1988 NFL season

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1988 National Football League season
Regular season
Duration September 4 – December 19, 1988
Playoffs
Start date December 24, 1988
AFC Champions Cincinnati Bengals
NFC Champions San Francisco 49ers
Super Bowl XXIII
Date January 22, 1989
Site Joe Robbie Stadium, Miami, Florida
Champions San Francisco 49ers
Pro Bowl
Date January 29, 1989
Site Aloha Stadium
National Football League seasons
 < 1987 1989 > 

The 1988 NFL season was the 69th regular season of the National Football League. The Cardinals relocated from St. Louis, Missouri to the Phoenix, Arizona area becoming the Phoenix Cardinals but remained in the NFC East division. Playoff races came down to the season's final day, with the Seattle Seahawks winning the AFC West by one game, and the Philadelphia Eagles and San Francisco 49ers winning their respective divisions in a five-way tie, with the New Orleans Saints and New York Giants losing the NFC Wild Card berth to the Los Angeles Rams on tiebreakers.

This season marked the final coaching season for the legendary Tom Landry.

The season ended with Super Bowl XXIII when the San Francisco 49ers defeated the Cincinnati Bengals.

Major rule changes[edit]

  • A standard system of two time intervals between plays are established (and would be timed using the play clock): For normal plays, the offensive team has 45 seconds to snap the ball after the previous play is signaled dead. After time outs and other administrative stoppages, the time limit is 30 seconds beginning after the Referee signals that the ball is ready to resume play.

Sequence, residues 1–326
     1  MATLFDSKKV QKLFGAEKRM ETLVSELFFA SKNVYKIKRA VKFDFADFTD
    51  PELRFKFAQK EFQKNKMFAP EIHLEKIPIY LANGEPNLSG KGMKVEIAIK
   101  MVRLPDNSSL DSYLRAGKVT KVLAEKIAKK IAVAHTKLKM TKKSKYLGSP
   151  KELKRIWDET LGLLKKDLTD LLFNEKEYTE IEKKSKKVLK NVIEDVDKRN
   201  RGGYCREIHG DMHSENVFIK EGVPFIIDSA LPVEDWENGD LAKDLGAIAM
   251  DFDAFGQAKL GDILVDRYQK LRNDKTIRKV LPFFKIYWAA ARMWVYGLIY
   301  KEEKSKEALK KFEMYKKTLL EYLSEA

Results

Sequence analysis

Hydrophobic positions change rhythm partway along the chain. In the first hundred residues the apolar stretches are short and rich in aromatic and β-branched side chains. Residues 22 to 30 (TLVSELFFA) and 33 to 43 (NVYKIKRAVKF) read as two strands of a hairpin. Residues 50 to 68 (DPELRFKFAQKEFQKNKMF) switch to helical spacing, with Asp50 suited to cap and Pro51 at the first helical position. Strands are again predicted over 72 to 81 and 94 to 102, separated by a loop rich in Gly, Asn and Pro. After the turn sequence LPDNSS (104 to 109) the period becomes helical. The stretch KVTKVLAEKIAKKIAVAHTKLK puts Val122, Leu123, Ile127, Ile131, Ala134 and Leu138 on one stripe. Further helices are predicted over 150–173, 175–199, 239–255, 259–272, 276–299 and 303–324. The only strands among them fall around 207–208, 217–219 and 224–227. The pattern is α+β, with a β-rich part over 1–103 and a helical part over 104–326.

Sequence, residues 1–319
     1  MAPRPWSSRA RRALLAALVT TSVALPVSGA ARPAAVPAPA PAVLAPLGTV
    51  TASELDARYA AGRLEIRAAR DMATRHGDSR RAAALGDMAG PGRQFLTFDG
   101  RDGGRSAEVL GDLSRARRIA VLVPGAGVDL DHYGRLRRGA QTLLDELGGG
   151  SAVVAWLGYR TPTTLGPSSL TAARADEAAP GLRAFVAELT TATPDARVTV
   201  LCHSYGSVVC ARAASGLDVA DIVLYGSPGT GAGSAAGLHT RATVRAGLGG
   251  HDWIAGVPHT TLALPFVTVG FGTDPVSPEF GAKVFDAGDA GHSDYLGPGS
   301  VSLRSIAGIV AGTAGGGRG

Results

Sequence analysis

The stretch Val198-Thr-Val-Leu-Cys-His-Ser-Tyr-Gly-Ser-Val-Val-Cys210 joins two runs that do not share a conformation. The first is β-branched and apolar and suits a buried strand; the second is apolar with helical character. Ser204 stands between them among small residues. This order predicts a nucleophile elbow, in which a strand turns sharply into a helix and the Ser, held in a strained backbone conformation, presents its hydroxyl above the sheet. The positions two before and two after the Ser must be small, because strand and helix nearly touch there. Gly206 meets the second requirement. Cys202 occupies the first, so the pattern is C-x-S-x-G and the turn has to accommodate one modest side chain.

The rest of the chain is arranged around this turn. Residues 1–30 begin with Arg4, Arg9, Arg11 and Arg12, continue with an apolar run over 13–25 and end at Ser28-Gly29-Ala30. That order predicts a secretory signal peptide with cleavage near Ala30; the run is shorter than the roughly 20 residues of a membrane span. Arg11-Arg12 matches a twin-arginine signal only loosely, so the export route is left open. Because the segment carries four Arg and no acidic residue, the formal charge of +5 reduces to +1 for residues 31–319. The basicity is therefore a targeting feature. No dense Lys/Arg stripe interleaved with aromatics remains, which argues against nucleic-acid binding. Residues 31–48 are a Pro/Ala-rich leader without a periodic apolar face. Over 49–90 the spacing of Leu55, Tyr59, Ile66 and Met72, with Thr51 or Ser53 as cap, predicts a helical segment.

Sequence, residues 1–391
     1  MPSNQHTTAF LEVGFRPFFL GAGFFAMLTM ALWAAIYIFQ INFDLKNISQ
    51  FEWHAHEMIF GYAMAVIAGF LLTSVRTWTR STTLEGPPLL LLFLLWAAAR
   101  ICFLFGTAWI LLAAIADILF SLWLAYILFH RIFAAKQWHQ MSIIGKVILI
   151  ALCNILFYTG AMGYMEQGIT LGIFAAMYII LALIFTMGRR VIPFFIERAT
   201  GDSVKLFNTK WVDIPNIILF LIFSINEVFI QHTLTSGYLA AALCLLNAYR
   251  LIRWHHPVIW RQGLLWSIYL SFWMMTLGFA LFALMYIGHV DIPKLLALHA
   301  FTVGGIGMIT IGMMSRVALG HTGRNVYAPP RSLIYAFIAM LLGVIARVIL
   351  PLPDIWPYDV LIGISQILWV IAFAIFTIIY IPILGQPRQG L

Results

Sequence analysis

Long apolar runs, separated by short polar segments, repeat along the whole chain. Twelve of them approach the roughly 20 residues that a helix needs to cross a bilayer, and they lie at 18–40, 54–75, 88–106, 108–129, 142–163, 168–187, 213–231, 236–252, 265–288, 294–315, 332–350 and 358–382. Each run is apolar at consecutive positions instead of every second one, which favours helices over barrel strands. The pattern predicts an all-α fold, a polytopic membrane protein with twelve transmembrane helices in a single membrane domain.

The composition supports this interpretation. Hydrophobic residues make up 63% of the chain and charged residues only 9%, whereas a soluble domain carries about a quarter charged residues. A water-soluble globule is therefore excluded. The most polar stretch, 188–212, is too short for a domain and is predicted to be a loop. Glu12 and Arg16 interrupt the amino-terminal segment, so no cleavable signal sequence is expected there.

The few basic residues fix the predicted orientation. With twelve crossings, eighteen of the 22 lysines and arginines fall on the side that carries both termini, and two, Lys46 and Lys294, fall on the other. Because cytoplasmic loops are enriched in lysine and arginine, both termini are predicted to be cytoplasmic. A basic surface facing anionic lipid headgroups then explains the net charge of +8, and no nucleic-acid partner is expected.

• If a fumble occurs during an extra point attempt, only the fumbling player can recover and/or advance the ball. This change closes a loophole in the "Stabler Fumble Rule" that was enacted during the 1979 NFL season in reaction to the Holy Roller Game.
  • The penalty for "Running into the kicker" is changed from five yards and a first down to just 5 yards.
  • Referees were outfitted with white hats while all other officials wore black hats, which was the standard practice in college and high school football. From 1979 through 1987, referees wore black hats while all other officials wore white hats.

Final standings[edit]

W = Wins, L = Losses, T = Ties, PCT = Winning Percentage, PF= Points For, PA = Points Against

  x  – clinched wild card berth,   y  – clinched division title

AFC East
Team W L T PCT PF PA
y-Buffalo Bills 12 4 0 .750 329 237
Indianapolis Colts 9 7 0 .563 354 315
New England Patriots 9 7 0 .563 250 284
New York Jets 8 7 1 .531 372 354
Miami Dolphins 6 10 0 .375 319 380
AFC Central
Team W L T PCT PF PA
y-Cincinnati Bengals 12 4 0 .750 448 329
x-Cleveland Browns 10 6 0 .625 304 288
x-Houston Oilers 10 6 0 .625 424 365
Pittsburgh Steelers 5 11 0 .313 336 421
AFC West
Team W L T PCT PF PA
y-Seattle Seahawks 9 7 0 .563 339 329
Denver Broncos 8 8 0 .500 327 352
Los Angeles Raiders 7 9 0 .438 325 369
San Diego Chargers 6 10 0 .375 231 332
Kansas City Chiefs 4 11 1 .281 254 320
NFC East
Team W L T PCT PF PA